That first few months online it seemed hopeful.  I have that spreadsheet to jog my memory.  There were a few first dates: the medical aide (ouch – this was the very first internet meeting and it made me wonder if I’d ever meet anyone I wanted to know); the real estate investor (nope); the publisher (nada); the retail executive (potential, but we’ll get to that in a minute); the financial writer (no); the transit supervisor (no); the accountant (boring).  Then there were the second dates: the musician (tortured soul, oh lord no); that retail executive (stood me up for dinner on the second date, so obviously no).  The very rare third dates: the publishing executive (very nice guy but no chemistry); the jazz musician (mad talented man who handed me the check for drinks on the third date and said it would cover the cost of my movie ticket – no).  The few that went longer: the painter (self-absorbed but interesting, and maybe a friend); the literature teacher (apparently wonderful man who simply evaporated after the fourth date); my dinner friend.

After that initial flurry, and after my profile listed my age as fifty-eight instead of fifty-seven, the inquiries from interesting men stopped cold and the geezers came out from between the floorboards.  There seems to be some mystical cut off after fifty-seven.  Several women I know have also noticed this.  Theories abound.  For the last six months I’ve been getting “I’m seventy two and I might not make you happy but I bet you could make me happy.”  Or “Hi, I’m sixty five and love staying in and watching tv together.”  How about this for a perfect first date: “Let’s get together and you can cook for me, at your place.  Mine needs some work.  Maybe you can help me with that.”  Uh, no, no, and no.  Uncle.  I give in.  There might be a great man for me out there someplace, who knows?  I have no idea how to find him.  This is clearly not the way.

I just checked the internet and as of today, if anyone is interested, the url is still available: geezers.com.  Someone should get on that.  You never know, the site could be a real money maker.

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After the Matinee

We opened RENT yesterday and let me just start out by saying I have never spent an afternoon like that in my life.  Ever.  There’s so much to be thankful for, so much to process, and so much that happened that was unexpected.

In that thankful category:

Dress Rehearsals.  I missed a cue in dress rehearsal earlier this week, was totally mortified, and with the kind advice of our massively patient costume designer found a solution to my problem: pick a corner, throw your costume change someplace and head for the catwalk.  I am a girl who always hangs up her clothes – no kidding, the clothes in my closet are arranged in chromatic order on hangers that all face the same way.  Probably this is embedded in my DNA from a military upbringing.  Throwing clothes was an outrageous but liberating suggestion and I made it where I needed to be on time.  Then I went to the dressing room and hung everything up.  Immediately.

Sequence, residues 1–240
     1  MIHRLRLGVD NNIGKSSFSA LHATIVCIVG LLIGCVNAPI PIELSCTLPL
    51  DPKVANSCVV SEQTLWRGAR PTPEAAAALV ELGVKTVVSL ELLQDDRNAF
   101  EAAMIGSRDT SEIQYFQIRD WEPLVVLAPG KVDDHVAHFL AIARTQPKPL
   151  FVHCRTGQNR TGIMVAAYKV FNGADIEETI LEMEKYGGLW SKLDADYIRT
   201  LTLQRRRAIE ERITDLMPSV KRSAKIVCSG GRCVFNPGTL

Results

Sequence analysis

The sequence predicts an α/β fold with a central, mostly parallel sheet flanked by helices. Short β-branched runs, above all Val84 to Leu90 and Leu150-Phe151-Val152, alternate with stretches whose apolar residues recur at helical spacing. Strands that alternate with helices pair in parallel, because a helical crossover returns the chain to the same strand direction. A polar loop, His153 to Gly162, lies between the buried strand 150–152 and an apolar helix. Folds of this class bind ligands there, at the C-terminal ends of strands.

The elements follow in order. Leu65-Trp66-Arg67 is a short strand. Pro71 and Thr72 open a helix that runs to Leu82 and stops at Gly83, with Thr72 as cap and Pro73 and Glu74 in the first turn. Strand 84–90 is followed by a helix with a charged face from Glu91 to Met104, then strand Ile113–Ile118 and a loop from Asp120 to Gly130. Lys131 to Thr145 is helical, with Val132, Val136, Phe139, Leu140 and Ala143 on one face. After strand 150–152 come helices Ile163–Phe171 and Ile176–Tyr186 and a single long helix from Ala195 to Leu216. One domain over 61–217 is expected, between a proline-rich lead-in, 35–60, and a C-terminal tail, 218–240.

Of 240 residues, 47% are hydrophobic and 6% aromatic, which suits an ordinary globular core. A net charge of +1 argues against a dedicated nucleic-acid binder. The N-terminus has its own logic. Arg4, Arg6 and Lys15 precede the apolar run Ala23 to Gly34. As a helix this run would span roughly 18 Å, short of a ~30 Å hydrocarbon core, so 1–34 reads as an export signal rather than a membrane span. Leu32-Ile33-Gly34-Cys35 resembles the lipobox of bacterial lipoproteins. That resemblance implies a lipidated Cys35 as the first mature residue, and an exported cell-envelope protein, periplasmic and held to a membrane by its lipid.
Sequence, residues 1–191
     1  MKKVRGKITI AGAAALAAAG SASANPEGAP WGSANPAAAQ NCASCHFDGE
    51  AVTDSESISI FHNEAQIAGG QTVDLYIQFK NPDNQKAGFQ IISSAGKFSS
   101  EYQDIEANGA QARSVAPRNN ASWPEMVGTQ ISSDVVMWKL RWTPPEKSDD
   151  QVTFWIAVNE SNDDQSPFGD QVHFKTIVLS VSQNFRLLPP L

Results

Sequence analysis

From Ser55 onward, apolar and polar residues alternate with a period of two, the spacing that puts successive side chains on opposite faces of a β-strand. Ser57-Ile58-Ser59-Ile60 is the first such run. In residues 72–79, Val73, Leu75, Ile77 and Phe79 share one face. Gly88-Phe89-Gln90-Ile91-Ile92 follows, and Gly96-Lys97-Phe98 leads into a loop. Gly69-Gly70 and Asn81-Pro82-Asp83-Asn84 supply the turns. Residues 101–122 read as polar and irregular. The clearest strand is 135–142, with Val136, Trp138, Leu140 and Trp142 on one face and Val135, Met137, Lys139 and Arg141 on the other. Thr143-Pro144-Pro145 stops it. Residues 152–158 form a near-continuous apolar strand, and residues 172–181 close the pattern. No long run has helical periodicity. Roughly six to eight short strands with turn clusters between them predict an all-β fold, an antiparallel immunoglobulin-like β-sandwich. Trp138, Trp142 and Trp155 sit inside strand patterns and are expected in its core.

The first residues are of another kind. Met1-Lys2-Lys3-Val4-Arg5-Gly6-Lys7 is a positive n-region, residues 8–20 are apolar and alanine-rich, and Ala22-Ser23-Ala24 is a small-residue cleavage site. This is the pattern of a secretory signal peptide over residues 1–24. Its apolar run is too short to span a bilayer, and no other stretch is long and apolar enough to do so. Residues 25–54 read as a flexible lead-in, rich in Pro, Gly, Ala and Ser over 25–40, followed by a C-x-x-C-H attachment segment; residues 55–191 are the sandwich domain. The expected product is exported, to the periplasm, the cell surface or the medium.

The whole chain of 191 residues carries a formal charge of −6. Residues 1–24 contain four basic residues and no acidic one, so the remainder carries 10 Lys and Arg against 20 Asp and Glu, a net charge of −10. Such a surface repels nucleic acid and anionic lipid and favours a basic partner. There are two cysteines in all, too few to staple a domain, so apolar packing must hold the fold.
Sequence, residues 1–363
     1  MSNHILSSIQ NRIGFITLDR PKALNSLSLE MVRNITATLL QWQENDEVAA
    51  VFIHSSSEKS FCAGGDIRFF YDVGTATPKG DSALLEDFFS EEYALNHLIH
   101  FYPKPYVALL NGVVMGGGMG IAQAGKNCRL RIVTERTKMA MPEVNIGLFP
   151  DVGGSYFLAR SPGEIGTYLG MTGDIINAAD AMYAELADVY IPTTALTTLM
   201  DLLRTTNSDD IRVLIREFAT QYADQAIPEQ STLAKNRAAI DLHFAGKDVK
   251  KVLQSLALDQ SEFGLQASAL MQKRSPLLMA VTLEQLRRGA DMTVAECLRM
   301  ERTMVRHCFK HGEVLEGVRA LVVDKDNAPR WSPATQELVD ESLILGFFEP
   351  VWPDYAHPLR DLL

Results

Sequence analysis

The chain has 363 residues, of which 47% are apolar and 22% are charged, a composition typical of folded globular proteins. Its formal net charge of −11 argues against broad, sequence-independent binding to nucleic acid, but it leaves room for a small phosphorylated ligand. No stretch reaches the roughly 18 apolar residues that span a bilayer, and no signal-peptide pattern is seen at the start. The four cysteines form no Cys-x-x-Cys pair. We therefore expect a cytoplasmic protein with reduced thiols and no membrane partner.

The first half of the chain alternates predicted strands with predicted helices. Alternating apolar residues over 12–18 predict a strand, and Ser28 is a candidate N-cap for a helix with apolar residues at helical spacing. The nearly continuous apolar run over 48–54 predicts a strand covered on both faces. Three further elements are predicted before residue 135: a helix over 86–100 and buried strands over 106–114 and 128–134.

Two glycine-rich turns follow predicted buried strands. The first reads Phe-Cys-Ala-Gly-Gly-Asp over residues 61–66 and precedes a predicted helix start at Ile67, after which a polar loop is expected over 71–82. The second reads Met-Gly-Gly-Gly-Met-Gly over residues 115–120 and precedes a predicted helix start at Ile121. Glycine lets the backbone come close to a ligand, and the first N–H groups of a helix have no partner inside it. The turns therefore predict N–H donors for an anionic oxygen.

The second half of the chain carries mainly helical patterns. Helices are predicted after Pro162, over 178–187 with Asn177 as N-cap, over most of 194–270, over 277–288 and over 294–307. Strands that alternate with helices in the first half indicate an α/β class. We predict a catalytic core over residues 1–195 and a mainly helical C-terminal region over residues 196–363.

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Paying RENT

Over the past few years it seems like death and major illness have been hovering everywhere around me – I’ve lost friends to illness, have stood with family as some have won, and some lost, the battle with cancer.  For a few short months things calmed down.  And then my mother, my mad, crazy, full-of-life rocking babe of a mother, dropped dead suddenly while putting her clothes in the washer.  Bang.  Just like that.  It was exactly how she would have wanted it, but oh, the hell of it for the rest of us.  Losing irreplaceable people made me think twice and then another ten or twenty or hundred thousand times about mortality.  I took some time off to manage mom’s estate, and to stop and think about what I wanted to do in my life.  What had I dreamt about?  What was stopping me from making those dreams real?  What was I afraid of?

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The restorative power of a new outfit is yet to be explained.
from a Saks Fifth Avenue ad

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Bergenline Avenue

It’s a shirtsleeves kind of a Friday evening, the kind of weather that won’t come around again until maybe early next October. Parents and kids and cousins and grandparents stroll in the falling daylight, chatting, holding hands, pushing strollers and bikes, slow-riding scooters and skateboards. Everyone is out and taking in this last almost-summer night: no one hurries anywhere. It’s still warm, there’s not a word of English, there’s not a tourist in sight. The sidewalks are full, the parking lots empty: no one here can afford a car. Walking, talking, passing hello in Spanish or Portuguese or Hindi. A smile and a greeting from an old man as I cross the street – Buenos tardes, he smiles. Buenos tardes, indeed. I’m reminded softly of kalisperas

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Making Things

The very first thing I remember making is a red felt poodle skirt. I must have been all of about seven. My mother showed me how to cut the felt circle with care, teaching me to pay serious attention to what my hands and eyes were doing along the long, clean arc of its curve. I cut a long straight strip of felt for the waistband, and after mom pinned it in place I sewed it to the hole in the circle wrong sides together then clipped then turned then folded it over and topstitched through everything to hold it in place. She initiated me into the Mysteries of the Ancient Buttonholer: